- Portal 2 Level Design: Creating Puzzles to Challenge Your Players
- Portal 2 Level Design: From Initial Idea to Finished Level
Portal was one of the most distinctive puzzle games of the past few years, and its sequel Portal 2 showed us that lightning can strike twice. A little less than a year ago, Valve made waves once again by introducing a simple yet powerful level editing tool in Portal 2 itself. In this article I’m going to discuss how to design great puzzles that will challenge your players.
Thinking With Portals
Designing levels for Portal 2 is very different to designing levels for other games. To design strong levels for Portal you need to have a strong understanding of the gameplay as a whole and of how the different gameplay elements interact with each other. Before sitting down with the level editor you should do some prep-work to get in the right frame of mind to be thinking about Portal levels.
Take some time to play community-made maps such as Rendezvous, Only as Difficult as You make it, and Suspended. Not all of the community maps are perfect and some of them are herculean tasks to complete, but it’s worth it. The simple fact is more maps have been made by the community then Valve ever could have made on their own and many of them are quite incredible. Also, have a notebook at hand so you can take notes about interesting interactions between puzzle elements and about how different puzzles work. I find it’s best to write down the solution to some of the more unique or challenging puzzles in a step-by-step manner because it really helps me evaluate what made that puzzle so intriguing or difficult.
The Steam Community hub for Portal 2.
Finally, spend some time learning everything you can about the different puzzle elements in Portal 2. I find it often helps to have a list of the different puzzle elements and the basic things they can and cannot do next to me when I’m working because it keeps me from forgetting any individual element and allows me to more easily consider the interactions between the elements when they are all right next to me.
I’m not going to lie: coming up with ideas for Portal levels can be very challenging. Unlike level design in most other games, where your idea can come from the type of environment you want and the goals you want your player to achieve, Portal levels are all about the task at hand – they are all about the puzzles themselves.
Because of this, I find that one of the best ways to come up with a Portal level is to start with a puzzle mechanic you want to focus on. For example, you may be a big fan of laser redirection puzzles or you might love aerial faith plates. No matter what you prefer, determining the type of puzzle you want is always a good first step because it helps you more easily define what type of puzzle you are trying to make. For example, if you plan on using lasers in your puzzle you probably won’t be making a small test chamber, and if you plan on using the white gel then you will probably have less portalable walls than the player needs to solve the puzzle, to necessitate the use of the gel.
The tool box from the in-game editor, with all the available puzzle elements.
Another way to generate ideas for a puzzle is to think of the overall concepts you want the puzzle to involve or the actions you want the player performing. Maybe you want a puzzle with a large pool of water in the middle where the player is constantly going from one side to the other, or a chamber which is divided into quarters by two criss-crossing fizzlers. This is very similar to the previous method except you are now thinking in terms of the actions the player will be engaging in while solving the puzzle rather than the specific tools they will be using to perform those actions.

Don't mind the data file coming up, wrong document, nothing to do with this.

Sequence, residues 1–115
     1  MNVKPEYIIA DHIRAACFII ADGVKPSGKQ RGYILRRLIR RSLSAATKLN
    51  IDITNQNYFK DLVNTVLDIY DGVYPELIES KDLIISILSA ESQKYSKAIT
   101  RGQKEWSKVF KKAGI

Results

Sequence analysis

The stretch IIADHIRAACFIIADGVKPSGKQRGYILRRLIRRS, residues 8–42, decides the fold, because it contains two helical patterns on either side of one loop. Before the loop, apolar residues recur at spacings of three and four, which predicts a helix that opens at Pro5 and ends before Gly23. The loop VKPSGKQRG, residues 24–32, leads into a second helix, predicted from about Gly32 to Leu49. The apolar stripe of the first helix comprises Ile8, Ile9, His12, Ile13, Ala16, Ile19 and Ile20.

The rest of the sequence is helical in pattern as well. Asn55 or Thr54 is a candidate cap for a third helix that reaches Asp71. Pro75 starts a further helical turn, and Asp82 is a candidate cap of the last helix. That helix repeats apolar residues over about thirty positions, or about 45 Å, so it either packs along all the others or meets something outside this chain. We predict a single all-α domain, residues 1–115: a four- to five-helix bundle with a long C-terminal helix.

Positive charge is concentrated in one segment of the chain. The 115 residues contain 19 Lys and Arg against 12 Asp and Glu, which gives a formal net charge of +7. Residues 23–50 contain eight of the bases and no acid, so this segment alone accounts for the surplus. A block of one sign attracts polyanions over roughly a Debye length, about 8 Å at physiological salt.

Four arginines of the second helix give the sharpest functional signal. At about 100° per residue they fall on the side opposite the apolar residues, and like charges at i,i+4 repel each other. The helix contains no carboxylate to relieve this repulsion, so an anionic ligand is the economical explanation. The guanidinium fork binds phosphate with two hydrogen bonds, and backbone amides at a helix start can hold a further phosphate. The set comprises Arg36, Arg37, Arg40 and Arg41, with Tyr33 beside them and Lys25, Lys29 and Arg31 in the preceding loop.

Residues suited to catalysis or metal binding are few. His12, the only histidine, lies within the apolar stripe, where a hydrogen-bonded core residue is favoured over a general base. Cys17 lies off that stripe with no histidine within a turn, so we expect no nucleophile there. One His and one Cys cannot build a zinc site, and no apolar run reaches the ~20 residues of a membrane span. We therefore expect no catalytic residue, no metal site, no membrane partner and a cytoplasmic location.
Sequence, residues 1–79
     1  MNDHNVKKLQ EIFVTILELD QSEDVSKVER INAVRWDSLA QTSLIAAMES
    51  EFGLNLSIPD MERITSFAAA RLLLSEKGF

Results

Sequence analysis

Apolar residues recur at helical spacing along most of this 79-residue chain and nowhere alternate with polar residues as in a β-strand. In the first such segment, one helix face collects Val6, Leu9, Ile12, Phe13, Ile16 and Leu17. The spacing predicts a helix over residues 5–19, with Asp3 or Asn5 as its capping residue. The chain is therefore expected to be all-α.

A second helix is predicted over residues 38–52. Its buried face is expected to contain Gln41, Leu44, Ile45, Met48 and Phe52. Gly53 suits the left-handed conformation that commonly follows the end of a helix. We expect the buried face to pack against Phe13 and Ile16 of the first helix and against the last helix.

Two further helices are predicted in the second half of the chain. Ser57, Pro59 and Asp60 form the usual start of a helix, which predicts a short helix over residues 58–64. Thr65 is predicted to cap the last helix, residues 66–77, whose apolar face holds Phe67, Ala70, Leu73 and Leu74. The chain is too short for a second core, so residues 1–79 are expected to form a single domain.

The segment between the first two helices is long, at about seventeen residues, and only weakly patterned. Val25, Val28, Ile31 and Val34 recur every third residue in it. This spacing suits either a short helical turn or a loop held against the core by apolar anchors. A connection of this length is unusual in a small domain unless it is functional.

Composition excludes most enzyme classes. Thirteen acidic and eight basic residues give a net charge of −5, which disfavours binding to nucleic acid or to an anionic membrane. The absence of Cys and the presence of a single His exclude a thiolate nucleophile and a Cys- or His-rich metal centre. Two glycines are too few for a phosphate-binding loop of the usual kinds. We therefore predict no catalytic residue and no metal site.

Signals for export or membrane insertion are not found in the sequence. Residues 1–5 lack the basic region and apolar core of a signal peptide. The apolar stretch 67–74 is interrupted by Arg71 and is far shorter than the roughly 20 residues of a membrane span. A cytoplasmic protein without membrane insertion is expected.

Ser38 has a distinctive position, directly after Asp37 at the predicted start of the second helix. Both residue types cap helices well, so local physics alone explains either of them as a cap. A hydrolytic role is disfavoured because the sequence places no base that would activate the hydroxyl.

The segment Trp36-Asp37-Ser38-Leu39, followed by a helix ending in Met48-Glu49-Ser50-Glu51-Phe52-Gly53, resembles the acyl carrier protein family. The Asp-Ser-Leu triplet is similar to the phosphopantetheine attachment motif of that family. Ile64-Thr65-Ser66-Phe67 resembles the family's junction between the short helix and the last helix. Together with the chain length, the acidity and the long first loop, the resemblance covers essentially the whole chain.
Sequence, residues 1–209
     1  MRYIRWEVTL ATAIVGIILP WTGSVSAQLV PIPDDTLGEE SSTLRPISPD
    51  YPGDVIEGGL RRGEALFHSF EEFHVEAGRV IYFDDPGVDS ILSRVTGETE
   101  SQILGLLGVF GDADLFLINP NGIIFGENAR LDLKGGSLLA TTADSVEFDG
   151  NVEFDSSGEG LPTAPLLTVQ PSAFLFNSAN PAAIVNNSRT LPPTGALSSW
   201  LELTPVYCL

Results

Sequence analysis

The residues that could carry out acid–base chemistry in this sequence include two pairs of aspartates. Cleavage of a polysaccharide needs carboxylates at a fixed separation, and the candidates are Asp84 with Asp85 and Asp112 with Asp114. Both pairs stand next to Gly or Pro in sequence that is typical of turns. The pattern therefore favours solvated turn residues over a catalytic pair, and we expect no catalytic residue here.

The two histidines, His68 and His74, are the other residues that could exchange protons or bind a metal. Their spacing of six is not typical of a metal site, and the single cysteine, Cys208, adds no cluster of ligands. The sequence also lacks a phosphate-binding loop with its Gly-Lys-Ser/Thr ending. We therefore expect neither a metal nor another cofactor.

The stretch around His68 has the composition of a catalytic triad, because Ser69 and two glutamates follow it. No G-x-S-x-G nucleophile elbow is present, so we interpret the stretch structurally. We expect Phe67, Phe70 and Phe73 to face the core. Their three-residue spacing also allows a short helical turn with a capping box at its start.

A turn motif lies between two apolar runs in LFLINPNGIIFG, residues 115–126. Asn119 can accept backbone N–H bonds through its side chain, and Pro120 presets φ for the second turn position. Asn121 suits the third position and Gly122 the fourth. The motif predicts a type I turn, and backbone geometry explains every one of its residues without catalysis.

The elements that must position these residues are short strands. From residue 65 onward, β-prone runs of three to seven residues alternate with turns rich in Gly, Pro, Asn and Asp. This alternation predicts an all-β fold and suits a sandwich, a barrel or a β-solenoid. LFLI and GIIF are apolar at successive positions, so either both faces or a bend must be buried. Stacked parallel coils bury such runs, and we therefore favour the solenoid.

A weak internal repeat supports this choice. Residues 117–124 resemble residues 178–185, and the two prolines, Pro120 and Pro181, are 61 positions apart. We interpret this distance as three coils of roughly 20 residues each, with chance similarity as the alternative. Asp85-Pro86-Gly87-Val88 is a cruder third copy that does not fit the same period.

Overall, it’s best to start with the broad strokes of the puzzle such as the main goal or actions by the player so that you have a guiding vision and the move on to the more specific details as you develop it. It will be much easier to figure out where to place the cube dispenser once you know what the cube will be used for than it will to try and figure out what to use a cube for when that’s the only thing you have in your level.
Building the Level
Once I have the overall idea down I start drawing things out on paper or in a sketching program. While my drawings won’t be perfect I still like to get a basic layout down so I have something to work from when I go in the editor and so I can start seeing how the puzzle elements may interact and can find the most basic problems quickly. I also use this time as another brainstorming period and try to think of multiple potential layouts that could all work for the same idea.
These are notes I put together while working on a level idea I’ll be making in a future article.
With basic concepts complete, it’s time to get in the editor and see how the ideas will actually work out. The great thing about the Portal level editor is that it allows you to use iterative design techniques very effectively so that if you don’t like how something is working, you can quickly make the necessary changes and test the new version to see if it helped. This part of the process is the most ambiguous since no two people want the same things from their levels. While I can’t tell you exactly how to build your level, there are some things that you should keep in mind that may help.
Challenging, Rather Than Frustrating
The first thing is the idea that your level should be easy to comprehend, but challenging to complete. A puzzle of any kind, not just a Portal level, is only fun when the player clearly understands their goal but is not necessarily sure how the goal is accomplished. If they don’t know the goal, they cannot proceed and will only get frustrated, and if they already know how to complete it then there will be no challenge and it won’t be interesting.